Influence of comorbid heart disease on dyspnea and health status in patients with COPD - a cohort study2018In: The International Journal of Chronic Obstructive Pulmonary Disease, ISSN 1176-9106, E-ISSN 1178-2005, Vol. 13, p. 3857-3865Article in journal (Refereed)
    Abstract [en]

    Purpose: The aim of this study was to examine the changing influence over time of comorbid heart disease on symptoms and health status in patients with COPD.

    Patients and methods: This is a prospective cohort study of 495 COPD patients with a baseline in 2005 and follow-up in 2012. The study population was divided into three groups: patients without heart disease (no-HD), those diagnosed with heart disease during the study period (new-HD) and those with heart disease at baseline (HD). Symptoms were measured using the mMRC. Health status was measured using the Clinical COPD Questionnaire (CCQ) and the COPD Assessment Test (CAT; only available in 2012). Logistic regression with mMRC $2 and linear regression with CCQ and CAT scores in 2012 as dependent variables were performed unadjusted, adjusted for potential confounders, and additionally adjusted for baseline mMRC, respectively, CCQ scores.

    Results: Mean mMRC worsened from 2005 to 2012 as follows: for the no-HD group from 1.8 (+/- 1.3) to 2.0 (+/- 1.4), (P=0.003), for new-HD from 2.2 (+/- 1.3) to 2.4 (+/- 1.4), (P=0.16), and for HD from 2.2 (+/- 1.3) to 2.5 (+/- 1.4), (P=0.03). In logistic regression adjusted for potential confounding factors, HD (OR 1.71; 95% CI: 1.03-2.86) was associated with mMRC $ 2. Health status worsened from mean CCQ as follows: for no-HD from 1.9 (+/- 1.2) to 2.1 (+/- 1.3) with (P=0.01), for new-HD from 2.3 (+/- 1.5) to 2.6 (+/- 1.6) with (P=0.07), and for HD from 2.4 (+/- 1.1) to 2.5 (+/- 1.2) with (P=0.57). In linear regression adjusted for potential confounders, HD (regression coefficient 0.12; 95% CI: 0.04-5.91) and new-HD (0.15; 0.89-5.92) were associated with higher CAT scores. In CCQ functional state domain, new-HD (0.14; 0.18-1.16) and HD (0.12; 0.04-0.92) were associated with higher scores. After additional correction for baseline mMRC and CCQ, no statistically significant associations were found.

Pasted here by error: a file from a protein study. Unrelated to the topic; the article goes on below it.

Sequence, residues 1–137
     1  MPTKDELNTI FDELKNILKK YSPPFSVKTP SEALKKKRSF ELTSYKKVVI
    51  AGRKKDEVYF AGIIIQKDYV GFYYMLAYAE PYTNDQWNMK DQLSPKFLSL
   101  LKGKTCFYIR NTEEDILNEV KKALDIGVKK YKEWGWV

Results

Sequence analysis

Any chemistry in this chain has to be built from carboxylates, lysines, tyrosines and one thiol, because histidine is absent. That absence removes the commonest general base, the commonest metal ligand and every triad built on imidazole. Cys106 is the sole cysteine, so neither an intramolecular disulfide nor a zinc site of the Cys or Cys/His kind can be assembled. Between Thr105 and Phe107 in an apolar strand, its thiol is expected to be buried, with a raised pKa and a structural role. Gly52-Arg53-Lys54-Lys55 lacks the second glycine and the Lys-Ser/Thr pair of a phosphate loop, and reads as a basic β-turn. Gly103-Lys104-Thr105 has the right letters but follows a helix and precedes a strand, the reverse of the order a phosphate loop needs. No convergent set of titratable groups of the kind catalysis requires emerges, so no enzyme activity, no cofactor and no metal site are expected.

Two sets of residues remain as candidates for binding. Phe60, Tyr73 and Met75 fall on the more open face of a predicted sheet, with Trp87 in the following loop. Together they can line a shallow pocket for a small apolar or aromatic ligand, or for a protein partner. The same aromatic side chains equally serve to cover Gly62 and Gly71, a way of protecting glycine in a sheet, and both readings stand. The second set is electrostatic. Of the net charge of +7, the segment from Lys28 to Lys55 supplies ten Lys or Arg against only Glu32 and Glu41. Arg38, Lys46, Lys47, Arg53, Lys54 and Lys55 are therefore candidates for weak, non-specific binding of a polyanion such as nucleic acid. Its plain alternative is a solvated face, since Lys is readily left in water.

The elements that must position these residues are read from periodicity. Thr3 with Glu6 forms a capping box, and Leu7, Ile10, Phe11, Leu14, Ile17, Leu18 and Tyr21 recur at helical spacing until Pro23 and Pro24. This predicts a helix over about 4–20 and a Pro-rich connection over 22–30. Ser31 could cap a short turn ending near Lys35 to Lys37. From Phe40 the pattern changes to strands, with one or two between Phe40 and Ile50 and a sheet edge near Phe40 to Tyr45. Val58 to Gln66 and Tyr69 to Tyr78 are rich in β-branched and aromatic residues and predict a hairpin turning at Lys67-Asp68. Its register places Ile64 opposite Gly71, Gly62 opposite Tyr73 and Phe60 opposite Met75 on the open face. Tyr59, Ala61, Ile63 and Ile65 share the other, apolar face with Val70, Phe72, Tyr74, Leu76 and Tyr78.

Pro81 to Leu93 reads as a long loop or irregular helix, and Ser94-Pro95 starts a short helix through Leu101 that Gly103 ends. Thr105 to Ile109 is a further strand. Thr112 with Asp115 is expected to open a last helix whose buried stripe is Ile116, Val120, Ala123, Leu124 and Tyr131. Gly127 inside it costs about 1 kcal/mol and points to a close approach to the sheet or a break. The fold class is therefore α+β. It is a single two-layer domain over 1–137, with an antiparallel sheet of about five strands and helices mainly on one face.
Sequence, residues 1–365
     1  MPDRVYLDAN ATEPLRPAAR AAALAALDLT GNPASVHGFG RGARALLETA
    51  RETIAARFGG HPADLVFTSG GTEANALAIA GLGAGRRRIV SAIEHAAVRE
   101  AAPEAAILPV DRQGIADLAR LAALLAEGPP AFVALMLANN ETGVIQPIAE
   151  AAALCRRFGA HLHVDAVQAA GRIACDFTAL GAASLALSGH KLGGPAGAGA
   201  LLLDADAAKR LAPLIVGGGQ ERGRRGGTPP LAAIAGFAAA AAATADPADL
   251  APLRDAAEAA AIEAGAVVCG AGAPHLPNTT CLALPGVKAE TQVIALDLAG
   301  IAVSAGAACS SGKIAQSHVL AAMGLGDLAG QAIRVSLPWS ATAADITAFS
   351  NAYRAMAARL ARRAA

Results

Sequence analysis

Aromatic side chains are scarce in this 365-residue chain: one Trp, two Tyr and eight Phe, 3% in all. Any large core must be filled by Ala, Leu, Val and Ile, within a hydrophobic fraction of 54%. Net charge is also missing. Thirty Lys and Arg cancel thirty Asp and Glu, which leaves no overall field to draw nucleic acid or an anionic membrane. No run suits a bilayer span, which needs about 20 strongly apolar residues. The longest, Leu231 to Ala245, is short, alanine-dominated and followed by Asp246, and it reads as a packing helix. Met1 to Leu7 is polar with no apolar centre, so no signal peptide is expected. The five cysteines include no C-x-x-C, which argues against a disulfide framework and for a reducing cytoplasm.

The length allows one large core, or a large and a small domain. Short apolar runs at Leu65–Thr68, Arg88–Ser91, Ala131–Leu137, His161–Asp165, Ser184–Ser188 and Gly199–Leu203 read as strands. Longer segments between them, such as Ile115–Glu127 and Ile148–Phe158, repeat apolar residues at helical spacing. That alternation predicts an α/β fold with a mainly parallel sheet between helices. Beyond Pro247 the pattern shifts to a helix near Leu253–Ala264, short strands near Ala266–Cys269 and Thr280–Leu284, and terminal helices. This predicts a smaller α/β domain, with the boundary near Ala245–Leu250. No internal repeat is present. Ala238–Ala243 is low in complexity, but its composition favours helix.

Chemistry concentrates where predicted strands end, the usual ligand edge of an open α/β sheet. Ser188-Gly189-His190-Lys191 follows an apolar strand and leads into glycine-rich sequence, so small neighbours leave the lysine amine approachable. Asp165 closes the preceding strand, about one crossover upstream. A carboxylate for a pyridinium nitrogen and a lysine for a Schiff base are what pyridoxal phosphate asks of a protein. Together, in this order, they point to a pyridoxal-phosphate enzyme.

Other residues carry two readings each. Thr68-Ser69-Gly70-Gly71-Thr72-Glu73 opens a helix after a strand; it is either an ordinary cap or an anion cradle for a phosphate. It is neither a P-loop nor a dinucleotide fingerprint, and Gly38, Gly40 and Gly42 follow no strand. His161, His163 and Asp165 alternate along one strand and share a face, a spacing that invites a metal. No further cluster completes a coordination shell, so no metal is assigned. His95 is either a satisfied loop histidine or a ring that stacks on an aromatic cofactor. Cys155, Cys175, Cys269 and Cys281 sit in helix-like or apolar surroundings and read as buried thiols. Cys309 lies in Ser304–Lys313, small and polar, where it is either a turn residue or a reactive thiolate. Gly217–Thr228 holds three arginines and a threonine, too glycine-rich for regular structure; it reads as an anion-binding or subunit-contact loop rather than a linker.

Conclusion: Heart disease contributes to lower health status and higher symptom burden in COPD but does not accelerate the worsening over time.

  • 10.
    Giezeman, Maaike
    et al.
    Örebro University, School of Medical Sciences.
    Hasselgren, Mikael
    Örebro University, School of Medical Sciences.
    Sundh, Josefin
    Örebro University, School of Medical Sciences.
    Zakrisson, Ann-Britt
    Örebro University, School of Health Sciences. Örebro University Hospital.
    Theander, Kersti
    Region Värmland, Karlstad, Sweden.
    Exploration of the feasibility to combine patients with COPD and chronic heart failure in self management groups with focus on exercise self-efficacy2021In: European Respiratory Journal, ISSN 0903-1936, E-ISSN 1399-3003, Vol. 58, no Suppl. 65, article id PA3638Article in journal (Other academic)
    Abstract [en]

    Background: High exercise self-efficacy is required for optimal exercise training in both patients with COPD and chronic heart failure (CHF).

    Aim: To compare exercise self-efficacy, symptoms, functional capacity and health status in COPD and CHF patients, and explore the association of symptoms and exercise self-efficacy.

    Method: Baseline data from a self-management group-intervention on 150 primary care patients with COPD (n=60), CHF (n=60) and a possible double diagnosis (n=30). Exercise self-efficacy (Swedish SCI Exercise Self-Efficacy Score), dyspnea (mMRC), fatigue (Fatigue Score), pain (five-level question), anxiety and depression (Hospital Anxiety and Depression Scale), functional capacity (six-minute Walking Test) and health status (VAS) were assessed.